acquisition of technical skills and there is a critical part for businesses to play in providing
internships and apprenticeships.
At the same time, entrepreneurial activity, especially among young people, needs stimulation.
Notwithstanding the inadequacy of national policies and strategies as regards the development
of the SMME sector, the City must make this a priority by building on the work done by the
Business Support unit of the Municipality and, ideally, introducing a strategic plan for the
particular growth of small industry.
Among the most daunting challenges facing the City is that of ensuring that infrastructure
becomes the facilitation partner to development, but in such a way that the costs are not
prohibitive, either to the Municipality, or developers. Delays in the implementation of
developments, or the requisite infrastructure, must be reduced significantly to minimise costs
and encourage investment. So-called ‘catalytic projects’, which are those offering the best
economic yields in terms of growth, must be expedited by accelerated procedures. The Dube
Trade Port and the conceived aerotropolis, together with the dig-out port and the Municipality’s
back-of-port local area plan, require particular attention as stimulators of economic growth.
The eThekwini Municipality has earned notable recognition for projects which have aligned the
City with contemporary expectations relating to the protection of the environment in the
interests of sustainability. With the greater co-operation of the private sector and some greater
intensity, the City could achieve iconic status in this regard.
In the sphere of tourism, a similar aspiration is desirable. While there is reason to be
encouraged by the major events which have been staged very successfully in the City, the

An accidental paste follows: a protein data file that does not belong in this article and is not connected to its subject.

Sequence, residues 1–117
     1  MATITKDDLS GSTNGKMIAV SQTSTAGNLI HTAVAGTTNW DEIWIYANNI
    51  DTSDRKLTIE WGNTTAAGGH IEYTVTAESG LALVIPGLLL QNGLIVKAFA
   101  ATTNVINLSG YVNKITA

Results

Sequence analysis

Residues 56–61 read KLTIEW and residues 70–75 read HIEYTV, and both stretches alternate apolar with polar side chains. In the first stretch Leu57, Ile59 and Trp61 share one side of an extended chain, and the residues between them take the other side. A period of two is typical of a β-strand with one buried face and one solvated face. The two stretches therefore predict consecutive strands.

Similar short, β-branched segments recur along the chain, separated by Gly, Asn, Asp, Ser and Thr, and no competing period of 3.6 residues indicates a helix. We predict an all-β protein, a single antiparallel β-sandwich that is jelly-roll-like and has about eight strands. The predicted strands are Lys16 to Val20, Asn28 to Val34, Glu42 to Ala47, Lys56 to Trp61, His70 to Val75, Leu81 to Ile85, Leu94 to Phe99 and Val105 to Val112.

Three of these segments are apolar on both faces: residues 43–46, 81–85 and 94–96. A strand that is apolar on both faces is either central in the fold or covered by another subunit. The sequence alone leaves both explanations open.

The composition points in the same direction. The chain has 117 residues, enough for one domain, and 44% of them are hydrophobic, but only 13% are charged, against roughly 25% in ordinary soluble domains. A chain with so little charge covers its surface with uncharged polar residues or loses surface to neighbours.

number of international visitors for leisure and other purposes is disappointing. The City needs
to revise its image of itself in order to dispel negative impressions of apathy, social divisiveness
and laissez faire. The attractive elements of a ‘laid back’ lifestyle must be complemented by a
dynamic vibrancy which caters equally for movers and shakers and fun-seekers.
Among other corrective actions, special attention must be given to the inner City and the urgent
necessity for rejuvenation. Partnership with property owners through the mechanism of Special
Rating Areas (or Urban Improvement Precincts) requires encouragement, for this is a means
whereby municipal services may be augmented with the objective of enhancing property values.
It is necessary to dispel the perception that development in the northern part of the City has
shifted its heart; it has created a new development node which should not detract from the
appeal of the traditional CBD.
Much of the appeal has been lost, not directly because of development elsewhere, but because of
neglect and increased crime and grime. Increasingly, the City exhibits a character of non-
compliance and poor enforcement.
The Chamber’s vision of the City which it serves, and has done for a century and a half, includes
international recognition by tourists and investors; a citizenry active in its contribution to the
life of a residential and Business location of choice; smart, efficient and green ways of doing
things; a vibrant and developing Business community and, above all, such economic growth that
may be distributed to provide jobs, improve social cohesion and uplift the poor.